Release notes for CDH 5.3 state that CDH's release of Spark 1.2 uses Akka 2.2.3 whereas the standard Apache distribution of Spark 1.2 uses Akka 2.3.4. What are the consequences of this? In particular, we use Spark with Yarn, not Spark standalone, and we build a Spark assembly jar using ...
mvn -Pyarn -Phadoop-2.4 -Dhadoop.version=CDH5VERSION ...
and install the resulting Assembly on the cluster. Is there some conflict between CDH 5.3 dependencies and Akka 2.3.4 that we must be aware of??
Marcelo says it traces back to a version conflict with other CDH components in Typesafe Config lib versions, and that in turn means a different Akka dependency. Unfortunately I suspect that Akka 2.2 and 2.3 are not 100% compatible. That said I'm not sure any of us can say it doesn't work. You would know pretty quickly.
Thanks. Just getting around to testing the upgrade. But before getting deep in trouble, some additional questions...
1. We typically build our own Spark assembly to correspond to the CDH Hadoop/Yarn version, the Spark version, and our use of Yarn. I don't see any pre-built versions available as part of the CDH 5.3.1 distribution, but I may be wrong. (I'm looking in the Maven repository.) And it is not clear if the assembly jars that do appear there have been built with Yarn support. So...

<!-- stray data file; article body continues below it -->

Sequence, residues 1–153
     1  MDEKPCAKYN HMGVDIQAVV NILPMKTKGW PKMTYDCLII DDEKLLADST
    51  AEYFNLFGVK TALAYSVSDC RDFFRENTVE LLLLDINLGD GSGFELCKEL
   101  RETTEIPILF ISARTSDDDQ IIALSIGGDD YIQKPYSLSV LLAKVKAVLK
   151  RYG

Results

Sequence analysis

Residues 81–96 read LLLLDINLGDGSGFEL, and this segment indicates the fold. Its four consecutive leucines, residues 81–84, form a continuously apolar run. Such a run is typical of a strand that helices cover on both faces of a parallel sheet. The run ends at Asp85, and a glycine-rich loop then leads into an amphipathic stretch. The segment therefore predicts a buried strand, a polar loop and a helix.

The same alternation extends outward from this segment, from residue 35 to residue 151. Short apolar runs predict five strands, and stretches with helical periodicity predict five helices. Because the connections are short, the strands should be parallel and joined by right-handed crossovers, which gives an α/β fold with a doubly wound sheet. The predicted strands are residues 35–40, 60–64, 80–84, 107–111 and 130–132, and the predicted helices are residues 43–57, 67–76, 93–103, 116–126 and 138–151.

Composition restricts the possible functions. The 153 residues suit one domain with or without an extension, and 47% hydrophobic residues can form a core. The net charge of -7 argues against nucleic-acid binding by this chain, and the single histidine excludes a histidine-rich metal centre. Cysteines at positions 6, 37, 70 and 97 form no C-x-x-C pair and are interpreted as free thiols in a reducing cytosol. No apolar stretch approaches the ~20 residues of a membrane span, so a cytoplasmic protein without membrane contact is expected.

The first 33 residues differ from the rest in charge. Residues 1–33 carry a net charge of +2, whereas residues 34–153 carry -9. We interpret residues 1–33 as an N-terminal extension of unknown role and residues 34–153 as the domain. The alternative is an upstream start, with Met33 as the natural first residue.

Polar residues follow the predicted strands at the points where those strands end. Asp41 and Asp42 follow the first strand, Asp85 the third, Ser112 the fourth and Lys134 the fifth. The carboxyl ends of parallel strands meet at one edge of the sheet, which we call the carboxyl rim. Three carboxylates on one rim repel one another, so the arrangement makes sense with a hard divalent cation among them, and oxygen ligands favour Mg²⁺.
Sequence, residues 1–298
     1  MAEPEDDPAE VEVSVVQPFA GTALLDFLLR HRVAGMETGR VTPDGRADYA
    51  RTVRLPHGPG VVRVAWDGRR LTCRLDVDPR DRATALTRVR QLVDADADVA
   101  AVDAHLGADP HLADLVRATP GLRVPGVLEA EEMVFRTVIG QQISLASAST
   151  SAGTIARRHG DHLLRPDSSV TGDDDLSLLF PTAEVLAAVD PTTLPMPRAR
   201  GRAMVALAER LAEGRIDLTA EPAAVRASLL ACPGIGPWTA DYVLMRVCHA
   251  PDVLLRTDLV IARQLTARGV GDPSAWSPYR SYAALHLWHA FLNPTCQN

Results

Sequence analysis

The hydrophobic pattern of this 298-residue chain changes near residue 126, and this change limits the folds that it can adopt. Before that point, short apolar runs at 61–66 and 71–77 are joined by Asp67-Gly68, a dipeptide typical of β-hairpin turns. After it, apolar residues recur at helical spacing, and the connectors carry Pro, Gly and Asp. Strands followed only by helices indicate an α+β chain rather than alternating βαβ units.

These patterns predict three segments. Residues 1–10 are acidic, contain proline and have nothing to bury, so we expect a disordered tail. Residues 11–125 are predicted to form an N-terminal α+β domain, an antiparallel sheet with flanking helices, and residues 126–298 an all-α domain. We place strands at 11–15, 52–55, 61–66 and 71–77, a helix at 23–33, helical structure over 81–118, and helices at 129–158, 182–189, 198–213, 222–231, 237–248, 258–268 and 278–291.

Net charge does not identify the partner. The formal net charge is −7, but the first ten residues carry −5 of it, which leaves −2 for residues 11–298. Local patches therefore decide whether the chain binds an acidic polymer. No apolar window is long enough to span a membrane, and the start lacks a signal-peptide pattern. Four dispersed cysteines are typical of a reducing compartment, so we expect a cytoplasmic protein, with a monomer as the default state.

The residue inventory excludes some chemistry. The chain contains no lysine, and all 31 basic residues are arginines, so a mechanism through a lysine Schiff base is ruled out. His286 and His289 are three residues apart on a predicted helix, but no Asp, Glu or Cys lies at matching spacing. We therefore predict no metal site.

2. Exploring the possibilities...
Are you looking for things like
I am actually not sure why there is no 5.3 version of the assembly; I will ask. I think the idea is that this isn't a component one uses via Maven but as a distributed binary, so shouldn't have been published before.
Yes it is always built with YARN support.
Changes vs 1.2.0 are here:
Changes marked as fixed in 1.2.1 ought to be a roughly reliable report from upstream on what changed from 1.2.0 to 1.2.1:
Both are bug fix releases and generally these lists are of interest when you are interested in a particular change. They ought to largely overlap.
Akka 2.2 conflicts with Akka 2.3 in general. The problem with Spark's 2.3 upgrade was that it was not 100% backwards compatible, and this in turn caused conflicts with other things in Hadoop. So tweaking this back to 2.3 has some consequence, but, ones which may not affect you. Also consider shading Akka 2.3.
You should always be able to build from the tarball source in CDH if you want to use precisely the same bits. You can also build from upstream source, and setting hadoop version to 1.2.0-cdh5.3.1 configures most of the things that could vary in component versions vs upstream. You could even run the stock upstream assembly and it would likely work for 99% of cases.
Since you're going off-road anyway, you could indeed just build from upstream source circa 1.2.1 and set the Akka version.
Longer term, I think the idea is to remove Akka from Spark anyway, which makes this a moot point.